Background: Possible age-related differences in risk of completed suicide following non-fatal self-harm remain unexplored. We examined associations between self-harm and completed suicide across age groups of self-harming patients, and whether these associations varied by violent index method, presence of mental disorder, and repeated self-harm.
Method: The design was a cohort study with linked national registers in Sweden. The study population comprised individuals aged ⩾10 years hospitalized during 1990-1999 due to non-fatal self-harm (n = 53 843; 58% females) who were followed for 9-19 years. We computed hazard ratios (HRs) across age groups (age at index self-harm episode), with time to completed suicide as outcome.
Results: The 1-year HR for suicide among younger males (10-19 years) was 14.6 [95% confidence interval (CI) 4.1-51.9] for violent method and 8.4 (95% CI 1.8-40.0) for mental disorder. By contrast, none of the three potential risk factors increased the 1-year risks in the youngest females. Among patients aged ⩾20 years, the 1-year HR for violent method was 4.6 (95% CI 3.8-5.4) for males and 10.4 (95% CI 8.3-13.0) for females. HRs for repeated self-harm during years 2-9 of follow-up were higher in 10- to 19-year-olds (males: HR 4.0, 95% CI 2.0-7.8; females: HR 3.7, 95% CI 2.1-6.5). The ⩾20 years age groups had higher HRs than the youngest, particularly for females and especially within 1 year.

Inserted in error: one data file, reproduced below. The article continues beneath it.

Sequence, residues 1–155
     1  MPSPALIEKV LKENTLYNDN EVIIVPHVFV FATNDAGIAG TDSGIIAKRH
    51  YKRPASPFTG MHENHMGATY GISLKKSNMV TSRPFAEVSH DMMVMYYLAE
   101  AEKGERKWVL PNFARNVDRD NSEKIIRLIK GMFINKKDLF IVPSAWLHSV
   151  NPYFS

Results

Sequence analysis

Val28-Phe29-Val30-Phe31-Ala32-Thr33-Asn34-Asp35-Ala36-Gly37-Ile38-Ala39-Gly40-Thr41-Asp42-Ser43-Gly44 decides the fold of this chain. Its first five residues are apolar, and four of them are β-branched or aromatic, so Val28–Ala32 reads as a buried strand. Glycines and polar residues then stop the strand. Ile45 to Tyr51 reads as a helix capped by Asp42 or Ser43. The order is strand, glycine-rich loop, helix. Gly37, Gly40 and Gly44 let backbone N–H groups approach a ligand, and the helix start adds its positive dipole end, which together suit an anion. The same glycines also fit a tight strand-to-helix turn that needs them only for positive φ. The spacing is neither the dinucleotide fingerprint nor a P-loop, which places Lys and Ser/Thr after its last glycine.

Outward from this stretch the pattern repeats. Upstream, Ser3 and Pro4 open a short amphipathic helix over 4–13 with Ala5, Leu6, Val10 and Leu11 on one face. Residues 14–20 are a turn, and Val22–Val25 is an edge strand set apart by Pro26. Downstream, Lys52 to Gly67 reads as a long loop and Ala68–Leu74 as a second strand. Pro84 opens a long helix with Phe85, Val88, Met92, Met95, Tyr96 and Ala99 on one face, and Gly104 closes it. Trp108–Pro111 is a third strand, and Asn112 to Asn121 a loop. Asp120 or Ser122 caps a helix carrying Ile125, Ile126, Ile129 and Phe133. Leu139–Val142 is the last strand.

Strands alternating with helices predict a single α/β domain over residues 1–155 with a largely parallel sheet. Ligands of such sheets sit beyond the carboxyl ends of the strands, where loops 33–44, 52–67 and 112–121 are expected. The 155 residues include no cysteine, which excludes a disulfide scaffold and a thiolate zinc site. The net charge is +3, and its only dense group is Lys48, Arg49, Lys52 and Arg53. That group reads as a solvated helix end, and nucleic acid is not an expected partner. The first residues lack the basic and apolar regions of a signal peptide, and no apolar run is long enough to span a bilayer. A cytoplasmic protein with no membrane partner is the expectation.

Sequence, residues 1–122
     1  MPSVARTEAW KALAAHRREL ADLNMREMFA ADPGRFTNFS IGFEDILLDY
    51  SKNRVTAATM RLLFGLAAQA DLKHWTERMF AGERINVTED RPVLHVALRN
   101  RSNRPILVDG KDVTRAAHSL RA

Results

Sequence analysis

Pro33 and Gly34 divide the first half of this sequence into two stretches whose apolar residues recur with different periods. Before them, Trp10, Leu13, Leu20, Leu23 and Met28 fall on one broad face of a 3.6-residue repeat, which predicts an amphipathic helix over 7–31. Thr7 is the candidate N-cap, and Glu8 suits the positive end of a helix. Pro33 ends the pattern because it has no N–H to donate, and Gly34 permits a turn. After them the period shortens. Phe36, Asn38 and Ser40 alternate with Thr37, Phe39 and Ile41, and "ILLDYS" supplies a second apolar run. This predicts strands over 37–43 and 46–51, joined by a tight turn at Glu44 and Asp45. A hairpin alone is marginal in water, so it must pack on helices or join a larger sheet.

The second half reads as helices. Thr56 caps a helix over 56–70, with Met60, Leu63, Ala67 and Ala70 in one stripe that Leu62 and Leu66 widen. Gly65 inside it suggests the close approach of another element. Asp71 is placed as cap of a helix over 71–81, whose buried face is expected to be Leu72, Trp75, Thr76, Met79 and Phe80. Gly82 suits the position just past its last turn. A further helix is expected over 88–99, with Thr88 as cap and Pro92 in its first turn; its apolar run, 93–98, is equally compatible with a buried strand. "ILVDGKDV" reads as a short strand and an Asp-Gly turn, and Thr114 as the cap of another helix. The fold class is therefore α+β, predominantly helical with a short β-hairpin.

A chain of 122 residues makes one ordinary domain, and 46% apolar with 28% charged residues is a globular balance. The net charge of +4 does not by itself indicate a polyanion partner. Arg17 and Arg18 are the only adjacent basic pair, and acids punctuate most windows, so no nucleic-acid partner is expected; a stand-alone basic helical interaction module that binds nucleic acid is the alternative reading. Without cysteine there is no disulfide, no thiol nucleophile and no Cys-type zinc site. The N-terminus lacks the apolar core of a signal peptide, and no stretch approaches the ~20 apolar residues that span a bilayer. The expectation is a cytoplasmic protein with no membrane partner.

Conclusions: Violent method and mental disorder increase the 1-year suicide risk in young male self-harm patients. Further, violent method increases suicide risk within 1 year in all age and gender groups except the youngest females. Repeated self-harm may increase the long-term risk more in young patients. These aspects should be accounted for in clinical suicide risk assessment.
Keywords: risk factors.